President Ronald Reagan first declared Pregnancy and Infant Loss Awareness Month on October 15th, 1988. On that day, he said,

“When a child loses his parent, they are called an orphan. When a spouse loses her or his partner, they are called a widow or widower. When parents lose their child, there isn’t a word to describe them. This month recognizes the loss so many parents experience across the United States and around the world. It is also meant to inform and provide resources for parents who have lost children due to miscarriage, ectopic pregnancy, molar pregnancy, stillbirths, birth defects, SIDS, and other causes. Now, Therefore, I, Ronald Reagan, President of the United States of America, do hereby proclaim the month of October as Pregnancy and Infant Loss Awareness Month. I call upon the people of the United States to observe this month with appropriate programs, ceremonies, and activities.”

Every year, millions of mothers and fathers grieve in silence and long for ways to honor their babies, who are no longer in their womb or wrapped in their arms.

Pregnancy and infant loss are difficult topics for many, whether you’ve experienced loss or are supporting someone who has.  We wanted to break the silence and help you navigate this month of remembering.

Did you know that 1 out of every 4 pregnancies ends in miscarriage, and 1 in every 160 pregnancies end in stillbirth. These numbers do not include infant death from preterm labor, diagnosis of life-limiting conditions, or SIDS. While this is an alarming statistic, these babies are more than just a number and worth remembering and honoring.

You likely know someone who has been affected by pregnancy or early infant loss, so you may be wondering how you can support them during this month of remembrance.

Here are a few ideas:


On October 15th, join others around the world by participating in the International Wave of Light, by lighting a candle at 7 pm in your time zone. Lighting a candle is a simple yet beautiful way to honor children who are safely in the arms of Jesus. If you are lighting a candle to remember a specific child, reach out to that family and let them know you honor and remember their baby.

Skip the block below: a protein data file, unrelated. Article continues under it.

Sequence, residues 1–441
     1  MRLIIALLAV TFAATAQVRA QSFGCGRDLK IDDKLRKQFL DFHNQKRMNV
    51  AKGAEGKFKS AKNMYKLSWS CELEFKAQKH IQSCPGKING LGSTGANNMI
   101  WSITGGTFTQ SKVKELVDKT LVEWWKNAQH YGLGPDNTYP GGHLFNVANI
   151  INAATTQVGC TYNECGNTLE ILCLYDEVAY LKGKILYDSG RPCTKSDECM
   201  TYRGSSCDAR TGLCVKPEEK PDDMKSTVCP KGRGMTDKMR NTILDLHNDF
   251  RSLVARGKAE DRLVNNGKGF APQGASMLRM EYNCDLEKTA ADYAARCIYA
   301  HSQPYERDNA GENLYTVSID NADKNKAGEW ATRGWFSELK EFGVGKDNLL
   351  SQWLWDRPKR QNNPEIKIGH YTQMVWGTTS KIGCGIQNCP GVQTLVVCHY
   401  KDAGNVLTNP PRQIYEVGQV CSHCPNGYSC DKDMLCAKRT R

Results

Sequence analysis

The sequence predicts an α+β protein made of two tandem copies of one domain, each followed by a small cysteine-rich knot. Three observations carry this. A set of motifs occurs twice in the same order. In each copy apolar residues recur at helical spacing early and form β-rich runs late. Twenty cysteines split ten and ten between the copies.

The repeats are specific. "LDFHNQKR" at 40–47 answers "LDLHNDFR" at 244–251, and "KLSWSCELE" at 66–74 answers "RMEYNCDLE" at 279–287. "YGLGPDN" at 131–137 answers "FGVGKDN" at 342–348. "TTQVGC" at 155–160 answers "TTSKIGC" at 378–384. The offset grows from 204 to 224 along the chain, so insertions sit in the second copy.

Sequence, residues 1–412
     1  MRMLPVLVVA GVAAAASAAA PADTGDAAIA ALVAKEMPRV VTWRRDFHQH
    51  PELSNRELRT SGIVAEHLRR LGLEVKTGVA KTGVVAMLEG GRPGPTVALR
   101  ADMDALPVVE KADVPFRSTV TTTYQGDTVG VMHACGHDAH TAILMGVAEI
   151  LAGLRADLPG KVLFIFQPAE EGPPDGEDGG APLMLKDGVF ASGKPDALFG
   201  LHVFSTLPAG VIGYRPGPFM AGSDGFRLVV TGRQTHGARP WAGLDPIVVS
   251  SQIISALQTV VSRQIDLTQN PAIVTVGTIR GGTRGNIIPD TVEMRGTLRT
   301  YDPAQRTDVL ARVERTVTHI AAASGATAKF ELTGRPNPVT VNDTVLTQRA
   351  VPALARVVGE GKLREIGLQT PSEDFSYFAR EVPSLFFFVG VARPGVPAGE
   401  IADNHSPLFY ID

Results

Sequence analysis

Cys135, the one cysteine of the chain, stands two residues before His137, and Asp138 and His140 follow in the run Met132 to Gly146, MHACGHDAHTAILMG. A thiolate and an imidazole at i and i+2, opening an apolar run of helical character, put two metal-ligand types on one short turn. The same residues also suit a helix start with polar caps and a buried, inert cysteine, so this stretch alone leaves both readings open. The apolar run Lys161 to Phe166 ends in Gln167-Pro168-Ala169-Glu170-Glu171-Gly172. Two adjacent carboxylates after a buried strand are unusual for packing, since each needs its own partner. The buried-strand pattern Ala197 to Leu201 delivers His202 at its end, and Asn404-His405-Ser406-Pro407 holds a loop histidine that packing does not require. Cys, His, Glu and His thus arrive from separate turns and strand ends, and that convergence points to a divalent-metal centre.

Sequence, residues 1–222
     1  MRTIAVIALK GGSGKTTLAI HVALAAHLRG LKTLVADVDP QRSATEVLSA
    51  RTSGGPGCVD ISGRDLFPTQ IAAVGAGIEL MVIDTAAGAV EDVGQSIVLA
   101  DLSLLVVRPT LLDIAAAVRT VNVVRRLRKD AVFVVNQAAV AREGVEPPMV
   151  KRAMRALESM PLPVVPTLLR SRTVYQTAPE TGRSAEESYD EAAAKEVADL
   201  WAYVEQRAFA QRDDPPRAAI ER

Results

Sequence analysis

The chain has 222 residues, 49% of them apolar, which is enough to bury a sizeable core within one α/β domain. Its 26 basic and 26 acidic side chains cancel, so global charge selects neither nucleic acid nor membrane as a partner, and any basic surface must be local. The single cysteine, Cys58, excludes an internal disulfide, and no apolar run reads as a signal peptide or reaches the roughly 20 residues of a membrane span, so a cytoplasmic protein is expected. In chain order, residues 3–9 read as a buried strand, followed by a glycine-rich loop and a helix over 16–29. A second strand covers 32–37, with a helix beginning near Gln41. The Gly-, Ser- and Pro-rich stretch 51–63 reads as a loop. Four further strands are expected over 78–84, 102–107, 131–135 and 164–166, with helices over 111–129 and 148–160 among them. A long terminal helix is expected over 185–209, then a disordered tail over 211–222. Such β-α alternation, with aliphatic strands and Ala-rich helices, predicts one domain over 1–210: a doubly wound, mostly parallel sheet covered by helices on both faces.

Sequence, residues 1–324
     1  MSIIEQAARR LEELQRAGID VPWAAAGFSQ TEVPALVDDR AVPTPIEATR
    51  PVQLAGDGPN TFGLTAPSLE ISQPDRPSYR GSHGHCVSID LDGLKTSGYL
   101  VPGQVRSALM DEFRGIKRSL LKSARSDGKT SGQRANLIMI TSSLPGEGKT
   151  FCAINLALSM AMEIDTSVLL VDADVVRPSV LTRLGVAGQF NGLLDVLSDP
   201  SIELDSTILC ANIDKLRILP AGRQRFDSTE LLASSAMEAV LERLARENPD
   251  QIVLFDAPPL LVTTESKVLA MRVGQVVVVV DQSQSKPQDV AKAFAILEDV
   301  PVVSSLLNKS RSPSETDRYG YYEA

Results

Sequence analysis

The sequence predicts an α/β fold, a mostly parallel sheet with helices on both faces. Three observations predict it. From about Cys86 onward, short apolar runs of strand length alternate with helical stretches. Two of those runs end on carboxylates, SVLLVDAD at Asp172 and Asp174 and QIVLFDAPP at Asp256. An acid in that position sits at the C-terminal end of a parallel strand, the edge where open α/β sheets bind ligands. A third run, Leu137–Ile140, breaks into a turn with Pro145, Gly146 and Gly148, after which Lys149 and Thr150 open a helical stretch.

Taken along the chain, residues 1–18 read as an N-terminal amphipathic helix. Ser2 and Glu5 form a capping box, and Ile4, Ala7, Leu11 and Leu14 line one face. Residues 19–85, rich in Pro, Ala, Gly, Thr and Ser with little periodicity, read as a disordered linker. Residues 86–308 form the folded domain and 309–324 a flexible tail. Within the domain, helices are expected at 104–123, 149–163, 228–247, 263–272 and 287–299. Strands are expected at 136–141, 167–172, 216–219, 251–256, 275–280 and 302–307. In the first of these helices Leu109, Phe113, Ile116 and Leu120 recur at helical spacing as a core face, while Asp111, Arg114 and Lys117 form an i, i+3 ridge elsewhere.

Every single person and family grieve loss differently.

If it is appropriate and will love the family well, send a note, flowers, meal, or a personalized gift. Some examples of beautiful keepsake gifts could include a personalized necklace for the mom to wear, an ornament to hang on the Christmas tree every year, or a tree for the family to plant together in their yard.

This simple gesture of a gift of thoughtful action can speak a thousand words to a grieving family. Especially as the months and years go on after a loss, it can be the sweetest salve to an aching heart when family and friends remember an  angel baby.


This topic is a hard one to talk about with others. It can often be a taboo subject in our society.

Why? Because dealing with death is never easy, let alone when it involves a child. No words seem adequate during grief to fill the pain and void someone may feel who has lost a little one but don’t be afraid to enter in and ask the family how they are doing and what they need.

Words have power and bringing up their loss or speaking their child’s name can be the best encouragement for their weary hearts, especially during this month of remembrance.

Join us this month as we remember and honor all the precious babies that are no longer with us. 

If you or someone you know would like additional support or resources, please email us at